Obscenity presents itself in many different forms, but the most common form on social media is material harmful to minors or pornographic. Due to social media content rules and filtering, “you are unlikely to see this successfully posted on social media,” Weaver said.

Note: Profanity is not obscenity and is typically protected as free speech.

2. Defamation

“Defamation is the false assertion of a fact that causes damage to someone’s image,” Weaver explained. For something to be considered defamation, it must be false, an assertion of fact, and something that causes damage. Therefore, opinion statements cannot be defamatory and must not be deleted or hidden as defamation.

3. Actual Threats

The First Amendment does not protect an actual threat for various reasons. Online, this presents as “a communicated intent to inflict harm or loss on another,” Weaver said. It’s typically a crime and can be charged as such.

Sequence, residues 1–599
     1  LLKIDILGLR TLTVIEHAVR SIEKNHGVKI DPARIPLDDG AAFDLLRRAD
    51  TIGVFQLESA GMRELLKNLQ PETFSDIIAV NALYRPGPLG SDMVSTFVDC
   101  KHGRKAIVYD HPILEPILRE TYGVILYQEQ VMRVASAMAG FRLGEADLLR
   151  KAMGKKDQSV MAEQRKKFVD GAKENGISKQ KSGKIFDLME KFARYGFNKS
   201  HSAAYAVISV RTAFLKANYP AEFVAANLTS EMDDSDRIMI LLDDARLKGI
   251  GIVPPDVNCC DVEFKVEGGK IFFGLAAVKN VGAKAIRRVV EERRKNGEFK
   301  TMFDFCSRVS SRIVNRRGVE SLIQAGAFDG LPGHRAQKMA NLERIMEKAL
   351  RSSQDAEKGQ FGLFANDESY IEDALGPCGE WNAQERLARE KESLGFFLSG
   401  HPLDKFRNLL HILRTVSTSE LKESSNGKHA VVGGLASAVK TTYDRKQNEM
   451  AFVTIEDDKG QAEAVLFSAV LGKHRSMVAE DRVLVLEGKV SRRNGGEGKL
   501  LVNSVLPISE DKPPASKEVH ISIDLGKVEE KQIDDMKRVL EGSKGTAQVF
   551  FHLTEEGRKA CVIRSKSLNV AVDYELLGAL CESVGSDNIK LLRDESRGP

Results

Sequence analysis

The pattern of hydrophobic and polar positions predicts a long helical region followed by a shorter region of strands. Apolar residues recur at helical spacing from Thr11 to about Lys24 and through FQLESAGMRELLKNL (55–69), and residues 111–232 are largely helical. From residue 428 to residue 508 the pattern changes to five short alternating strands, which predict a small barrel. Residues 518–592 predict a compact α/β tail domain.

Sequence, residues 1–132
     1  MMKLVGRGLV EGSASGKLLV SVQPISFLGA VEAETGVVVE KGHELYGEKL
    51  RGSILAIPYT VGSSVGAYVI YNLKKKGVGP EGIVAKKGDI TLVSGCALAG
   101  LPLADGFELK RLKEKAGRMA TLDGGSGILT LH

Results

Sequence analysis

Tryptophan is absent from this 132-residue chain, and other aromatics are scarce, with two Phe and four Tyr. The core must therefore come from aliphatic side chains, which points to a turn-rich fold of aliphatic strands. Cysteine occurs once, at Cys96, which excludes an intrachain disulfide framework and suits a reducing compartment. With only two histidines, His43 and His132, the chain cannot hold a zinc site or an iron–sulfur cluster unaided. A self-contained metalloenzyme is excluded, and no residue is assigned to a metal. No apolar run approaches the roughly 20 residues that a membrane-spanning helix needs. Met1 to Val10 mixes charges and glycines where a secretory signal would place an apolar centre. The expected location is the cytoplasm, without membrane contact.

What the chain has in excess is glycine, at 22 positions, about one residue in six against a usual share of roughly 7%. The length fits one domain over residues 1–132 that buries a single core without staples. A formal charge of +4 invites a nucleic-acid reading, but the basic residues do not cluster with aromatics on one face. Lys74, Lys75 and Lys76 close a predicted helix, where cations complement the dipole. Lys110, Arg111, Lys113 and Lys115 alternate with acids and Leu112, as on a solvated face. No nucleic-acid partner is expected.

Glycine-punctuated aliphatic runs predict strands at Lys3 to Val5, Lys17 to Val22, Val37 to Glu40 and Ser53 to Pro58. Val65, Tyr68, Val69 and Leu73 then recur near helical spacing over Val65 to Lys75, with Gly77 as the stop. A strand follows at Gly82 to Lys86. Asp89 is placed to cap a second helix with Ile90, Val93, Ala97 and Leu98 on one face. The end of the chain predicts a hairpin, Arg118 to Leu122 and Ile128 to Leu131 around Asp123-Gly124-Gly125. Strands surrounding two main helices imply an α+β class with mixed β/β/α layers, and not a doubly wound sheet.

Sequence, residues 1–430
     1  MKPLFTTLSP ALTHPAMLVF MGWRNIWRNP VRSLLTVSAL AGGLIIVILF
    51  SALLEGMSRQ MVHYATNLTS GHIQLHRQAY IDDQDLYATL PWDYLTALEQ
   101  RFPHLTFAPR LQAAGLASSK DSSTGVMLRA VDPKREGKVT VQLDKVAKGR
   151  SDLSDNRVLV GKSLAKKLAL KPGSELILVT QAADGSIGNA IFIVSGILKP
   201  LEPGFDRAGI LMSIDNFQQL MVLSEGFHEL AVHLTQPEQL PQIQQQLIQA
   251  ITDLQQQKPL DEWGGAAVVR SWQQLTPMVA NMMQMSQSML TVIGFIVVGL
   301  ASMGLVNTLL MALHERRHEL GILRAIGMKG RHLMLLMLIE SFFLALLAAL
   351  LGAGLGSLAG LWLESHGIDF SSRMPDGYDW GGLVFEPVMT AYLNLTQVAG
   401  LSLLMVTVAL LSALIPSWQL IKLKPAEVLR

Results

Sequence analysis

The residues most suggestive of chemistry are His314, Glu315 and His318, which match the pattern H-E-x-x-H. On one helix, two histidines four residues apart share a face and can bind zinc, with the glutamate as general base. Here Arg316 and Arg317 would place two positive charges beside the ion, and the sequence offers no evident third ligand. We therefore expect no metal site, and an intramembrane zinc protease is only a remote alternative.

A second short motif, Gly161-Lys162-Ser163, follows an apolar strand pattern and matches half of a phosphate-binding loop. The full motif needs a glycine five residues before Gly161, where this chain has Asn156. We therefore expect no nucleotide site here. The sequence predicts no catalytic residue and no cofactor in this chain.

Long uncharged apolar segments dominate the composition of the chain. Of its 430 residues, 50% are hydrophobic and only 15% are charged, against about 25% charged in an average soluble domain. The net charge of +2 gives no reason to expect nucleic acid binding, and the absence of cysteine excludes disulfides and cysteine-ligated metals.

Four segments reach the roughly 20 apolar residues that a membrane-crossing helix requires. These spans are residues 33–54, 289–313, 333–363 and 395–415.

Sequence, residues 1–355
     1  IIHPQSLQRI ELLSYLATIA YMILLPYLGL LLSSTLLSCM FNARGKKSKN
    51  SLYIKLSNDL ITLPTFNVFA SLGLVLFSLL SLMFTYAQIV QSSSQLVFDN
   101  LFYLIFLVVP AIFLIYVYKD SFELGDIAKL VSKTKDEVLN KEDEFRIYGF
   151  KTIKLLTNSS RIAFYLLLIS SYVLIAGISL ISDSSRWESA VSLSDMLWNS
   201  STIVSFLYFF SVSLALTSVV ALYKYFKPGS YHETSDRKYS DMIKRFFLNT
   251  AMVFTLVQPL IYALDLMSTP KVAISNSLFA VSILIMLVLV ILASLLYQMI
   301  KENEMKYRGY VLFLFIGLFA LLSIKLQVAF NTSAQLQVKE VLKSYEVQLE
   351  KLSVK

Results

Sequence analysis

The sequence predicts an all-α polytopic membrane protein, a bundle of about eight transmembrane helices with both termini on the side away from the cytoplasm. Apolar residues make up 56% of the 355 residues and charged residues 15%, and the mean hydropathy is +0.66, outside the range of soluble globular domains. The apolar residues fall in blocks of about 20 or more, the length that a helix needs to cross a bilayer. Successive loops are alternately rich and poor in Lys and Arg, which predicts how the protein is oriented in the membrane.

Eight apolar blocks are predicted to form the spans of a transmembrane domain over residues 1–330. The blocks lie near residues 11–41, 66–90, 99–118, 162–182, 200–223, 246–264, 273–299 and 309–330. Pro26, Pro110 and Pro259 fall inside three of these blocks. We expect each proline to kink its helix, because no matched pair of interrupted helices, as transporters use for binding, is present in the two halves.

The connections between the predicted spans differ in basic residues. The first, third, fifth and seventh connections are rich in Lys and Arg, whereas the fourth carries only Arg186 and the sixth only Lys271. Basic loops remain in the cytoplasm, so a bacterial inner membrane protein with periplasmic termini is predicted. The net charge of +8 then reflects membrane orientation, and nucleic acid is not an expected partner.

4. Spam

Spam comments are quite common on social media posts. To be considered spam, “it has to be something that has nothing to do with your topic, purpose as a business or nothing to do with the subject matter of the post,” Weaver explained. He cautions to apply this definition sparingly.

5. Illegal Activities

“If someone is using your page to commit a crime, attempt to commit a crime, or encourages others to commit a crime,” then it fits in this category,” Weaver said. It can be deleted or hidden. You should also alert law enforcement.

6. Malware Links

A malicious URL link is created with the intent of interfering with the workings of a computer or network. Weaver explained there is no First Amendment right to link to such a site.

7. Illegal Discrimination